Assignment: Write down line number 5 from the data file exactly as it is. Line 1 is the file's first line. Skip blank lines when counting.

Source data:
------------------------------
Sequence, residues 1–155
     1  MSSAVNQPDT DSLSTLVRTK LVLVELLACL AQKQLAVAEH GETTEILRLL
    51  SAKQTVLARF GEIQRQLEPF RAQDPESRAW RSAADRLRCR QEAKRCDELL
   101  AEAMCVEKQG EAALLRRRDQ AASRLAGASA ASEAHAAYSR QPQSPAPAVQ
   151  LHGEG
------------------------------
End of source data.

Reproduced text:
   151  LHGEG